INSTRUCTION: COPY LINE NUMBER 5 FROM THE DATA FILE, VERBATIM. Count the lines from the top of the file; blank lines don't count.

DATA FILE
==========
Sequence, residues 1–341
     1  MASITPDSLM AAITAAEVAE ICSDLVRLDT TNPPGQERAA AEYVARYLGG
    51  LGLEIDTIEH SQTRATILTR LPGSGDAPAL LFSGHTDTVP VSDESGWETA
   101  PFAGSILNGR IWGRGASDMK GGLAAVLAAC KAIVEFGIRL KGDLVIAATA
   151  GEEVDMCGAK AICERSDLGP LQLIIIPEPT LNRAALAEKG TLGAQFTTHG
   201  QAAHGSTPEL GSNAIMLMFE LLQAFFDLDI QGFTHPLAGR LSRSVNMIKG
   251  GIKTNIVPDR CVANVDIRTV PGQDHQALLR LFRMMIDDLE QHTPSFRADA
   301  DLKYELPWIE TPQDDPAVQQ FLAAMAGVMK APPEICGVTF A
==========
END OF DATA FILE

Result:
   151  GEEVDMCGAK AICERSDLGP LQLIIIPEPT LNRAALAEKG TLGAQFTTHG